a) Hereditary anaemia
b) Megaloblastic anaemias which include
Pernicious anaemia
Folic acid deficiency
Vitamin B12 deficiency - pernicious anaemia
c) Reticulocytosis (reticulocytes are immature cells with a relatively large size compared to a mature red blood cell)
d) Diseases or disorders such as:-
Aplasia - a condition in which RBC precursors in bone marrow are nearly absent.
Myelofibrosis - fibrosis of the bone marrow.
Hyperglycemia - an increase in plasma glucose.
Cold agglutinins - abnormal proteins in the blood which at high level can cause a form of anaemia.
Manganese deficiency.
e) Liver disease
f) Hypothyroidism
g) Drugs (anti-convulsants)
h) Treatment with the anti-HIV drugs eg. AZT (Retrovir or Zidovidune).

3. An MCV within the normal range means the cells are normocytic.

The patient may still present with anaemia.

This may be due to :-

a) An acute haemorrhage.

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Mean corpuscular hemoglobin (MCH)

This calculation tells you the amount of haemoglobin in a single red blood cell.

It is done by dividing the haemoglobin by the total RBC count, eg:-

MCH (pg) = hemoglobin ÷ rbc count

Say your Hemoglobin results are 13.9g/dL and your red cell count is 4.32 x 10*12/L:-
MCH (pg) = 13.9 ÷ 4.32 x 10*12/L
Then your MCH will be ________________

OOPS - If, like me, you are unable to get an answer to 13.9 ÷ 4.32 x 10*12/L on your home calculator then you can try a different way of getting to the same result.

Take your Hemoglobin and multiply it by 10.

Then divide the answer by your red cell count, forgetting the '10*12/L' bit.

The answer will be a good enough estimation.

For example:-

13.9 x 10 = 139
139 ÷ 4.32 = 32.18
MCH = 32.2 pg/cell (pg/cell = picograms per cell)

Normal range

Normal 27.5 - 33.5 pg/cell

What abnormal results mean:-

The MCH pretty much mirrors the results of the MCV and is increased in and decreased in the same conditions as the MCV.

It is not as useful a test as the MCV for evaluating types of anaemia but does suggest abnormal haemoglobin synthesis.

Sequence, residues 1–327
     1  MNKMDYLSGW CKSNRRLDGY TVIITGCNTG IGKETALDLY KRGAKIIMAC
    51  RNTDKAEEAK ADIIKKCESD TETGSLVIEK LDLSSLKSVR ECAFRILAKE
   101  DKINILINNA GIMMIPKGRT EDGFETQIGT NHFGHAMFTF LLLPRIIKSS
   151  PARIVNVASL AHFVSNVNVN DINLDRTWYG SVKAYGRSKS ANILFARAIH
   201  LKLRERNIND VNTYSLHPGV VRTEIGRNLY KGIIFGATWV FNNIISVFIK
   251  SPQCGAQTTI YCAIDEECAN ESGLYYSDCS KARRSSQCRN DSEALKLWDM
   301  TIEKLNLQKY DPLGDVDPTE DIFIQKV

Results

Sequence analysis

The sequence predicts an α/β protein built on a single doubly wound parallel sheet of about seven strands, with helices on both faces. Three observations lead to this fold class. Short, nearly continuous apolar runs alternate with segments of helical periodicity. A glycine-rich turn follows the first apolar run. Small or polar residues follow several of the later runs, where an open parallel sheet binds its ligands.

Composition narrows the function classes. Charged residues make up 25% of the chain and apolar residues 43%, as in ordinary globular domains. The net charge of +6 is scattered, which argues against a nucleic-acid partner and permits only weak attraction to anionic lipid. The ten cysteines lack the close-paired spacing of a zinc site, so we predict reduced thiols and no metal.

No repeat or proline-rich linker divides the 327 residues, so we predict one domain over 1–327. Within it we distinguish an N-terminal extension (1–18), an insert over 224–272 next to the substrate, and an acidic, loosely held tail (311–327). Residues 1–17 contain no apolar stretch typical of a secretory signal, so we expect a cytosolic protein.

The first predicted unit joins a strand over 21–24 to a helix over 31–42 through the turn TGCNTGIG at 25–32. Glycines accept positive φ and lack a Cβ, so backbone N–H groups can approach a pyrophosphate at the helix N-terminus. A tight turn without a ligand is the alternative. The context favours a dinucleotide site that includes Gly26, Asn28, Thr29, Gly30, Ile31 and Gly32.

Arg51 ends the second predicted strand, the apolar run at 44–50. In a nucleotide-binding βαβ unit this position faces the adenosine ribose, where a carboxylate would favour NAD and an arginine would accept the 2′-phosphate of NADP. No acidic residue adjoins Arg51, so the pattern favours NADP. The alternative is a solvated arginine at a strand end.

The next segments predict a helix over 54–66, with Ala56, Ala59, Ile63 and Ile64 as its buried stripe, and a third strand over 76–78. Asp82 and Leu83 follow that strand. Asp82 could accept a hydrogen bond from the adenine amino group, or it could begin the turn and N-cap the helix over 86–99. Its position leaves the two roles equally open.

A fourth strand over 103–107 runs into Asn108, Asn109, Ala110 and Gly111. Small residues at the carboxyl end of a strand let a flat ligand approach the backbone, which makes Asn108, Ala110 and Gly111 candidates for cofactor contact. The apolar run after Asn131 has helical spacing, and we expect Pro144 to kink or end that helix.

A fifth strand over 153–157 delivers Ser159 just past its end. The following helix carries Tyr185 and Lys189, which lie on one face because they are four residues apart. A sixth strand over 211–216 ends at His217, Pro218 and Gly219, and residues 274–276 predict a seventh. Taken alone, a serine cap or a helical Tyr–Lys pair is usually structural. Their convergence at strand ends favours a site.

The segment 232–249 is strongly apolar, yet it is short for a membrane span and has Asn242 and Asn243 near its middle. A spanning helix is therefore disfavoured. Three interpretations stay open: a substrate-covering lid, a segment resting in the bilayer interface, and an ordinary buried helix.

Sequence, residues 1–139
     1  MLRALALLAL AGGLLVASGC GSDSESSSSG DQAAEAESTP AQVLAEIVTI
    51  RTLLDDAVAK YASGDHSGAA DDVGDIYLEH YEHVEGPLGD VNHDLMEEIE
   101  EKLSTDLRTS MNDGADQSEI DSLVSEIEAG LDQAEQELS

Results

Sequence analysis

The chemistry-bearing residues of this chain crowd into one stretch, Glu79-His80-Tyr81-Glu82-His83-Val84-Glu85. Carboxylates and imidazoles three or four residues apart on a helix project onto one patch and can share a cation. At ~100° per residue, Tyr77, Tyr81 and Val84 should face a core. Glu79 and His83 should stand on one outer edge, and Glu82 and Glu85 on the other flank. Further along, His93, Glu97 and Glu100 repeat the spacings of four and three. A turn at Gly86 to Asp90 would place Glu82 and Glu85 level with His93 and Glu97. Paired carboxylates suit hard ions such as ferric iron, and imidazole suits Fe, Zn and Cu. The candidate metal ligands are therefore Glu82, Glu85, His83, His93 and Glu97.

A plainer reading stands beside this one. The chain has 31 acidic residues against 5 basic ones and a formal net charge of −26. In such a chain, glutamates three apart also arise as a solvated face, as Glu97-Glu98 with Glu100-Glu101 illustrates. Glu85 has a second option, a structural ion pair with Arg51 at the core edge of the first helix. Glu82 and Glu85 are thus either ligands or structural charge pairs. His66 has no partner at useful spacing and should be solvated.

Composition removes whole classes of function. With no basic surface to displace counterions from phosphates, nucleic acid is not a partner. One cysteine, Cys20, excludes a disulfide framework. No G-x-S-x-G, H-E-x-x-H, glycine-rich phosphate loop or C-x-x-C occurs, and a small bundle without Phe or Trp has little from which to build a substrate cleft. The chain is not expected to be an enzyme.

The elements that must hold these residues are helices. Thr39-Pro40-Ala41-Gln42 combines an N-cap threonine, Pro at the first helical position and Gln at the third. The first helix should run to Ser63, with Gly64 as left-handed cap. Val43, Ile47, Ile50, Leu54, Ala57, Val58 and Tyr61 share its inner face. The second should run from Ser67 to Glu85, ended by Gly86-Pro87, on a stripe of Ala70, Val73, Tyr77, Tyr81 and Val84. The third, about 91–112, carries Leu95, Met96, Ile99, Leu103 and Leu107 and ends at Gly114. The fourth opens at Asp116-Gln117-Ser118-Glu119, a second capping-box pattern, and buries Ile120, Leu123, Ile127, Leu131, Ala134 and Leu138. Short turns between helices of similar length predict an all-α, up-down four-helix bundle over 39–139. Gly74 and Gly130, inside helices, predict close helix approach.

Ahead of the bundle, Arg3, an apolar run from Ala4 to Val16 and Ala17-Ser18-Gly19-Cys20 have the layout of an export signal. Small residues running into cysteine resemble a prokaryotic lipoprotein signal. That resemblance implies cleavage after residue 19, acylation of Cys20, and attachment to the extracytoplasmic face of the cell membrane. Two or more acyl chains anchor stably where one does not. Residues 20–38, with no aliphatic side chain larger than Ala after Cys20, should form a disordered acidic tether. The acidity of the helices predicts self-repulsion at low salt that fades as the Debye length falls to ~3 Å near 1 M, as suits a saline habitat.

Decreased MCH, termed hypochromasia, is associated with microcytic anaemia since small cells tend to have less hemoglobin.

Increased MCH, termed hyperchromasia, is associated with macrocytic anaemia since larger cells tend to have more hemoglobin.

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Mean corpuscular hemoglobin concentration (MCHC)

This calculates the average amount of haemoglobin per red blood cell

Or to be more scientific, 'the average haemoglobin concentration per unit volume (100 ml) of packed red cells'.

A low MCHC means that a 100ml of packed red blood cells contain less haemoglobin than normal and a high MCHC means that there is more haemoglobin in 100ml of packed red blood cells.

The calculation is done by dividing the haemoglobin by the hematocrit, eg:-

MCHC (g/dL) = hemoglobin ÷ hematocrit

Say your Hemoglobin results are 13.9g/dL and your hematocrit is 0.413:-

13.9 ÷ 0.413 = 33,65
MCHC = 33.7 g/dL

Normal range

32 to 36 gm/dL
(this is sometimes reported in % i.e. 32-36%)

What abnormal results mean

MCHC is decreased in the same conditions as the MCV, for example:-

Decreased MCHC values, termed hypochromia, may be due to:-

a) Iron deficiency anaemia
b) Thalassemia
c) Blood loss
d) Vitamin B6 deficiency

There is a condition where the MCV and MCHC differ.

This occurs in Pernicious anaemia, where the MCV is high but the MCHC is normal.

In the disease Spherocytosis, a relatively rare disorder, in which the RBC's are small and round (rather than the normal biconcave) and therefore hold more hemoglobin, there is an increase in the MCHC.

As any increase in MCHC is limited by the amount of haemoglobin that will fit inside a RBC it is not very common to find any significant increase and thus the MCHC is used to distinguish a patient with Spherocytosis.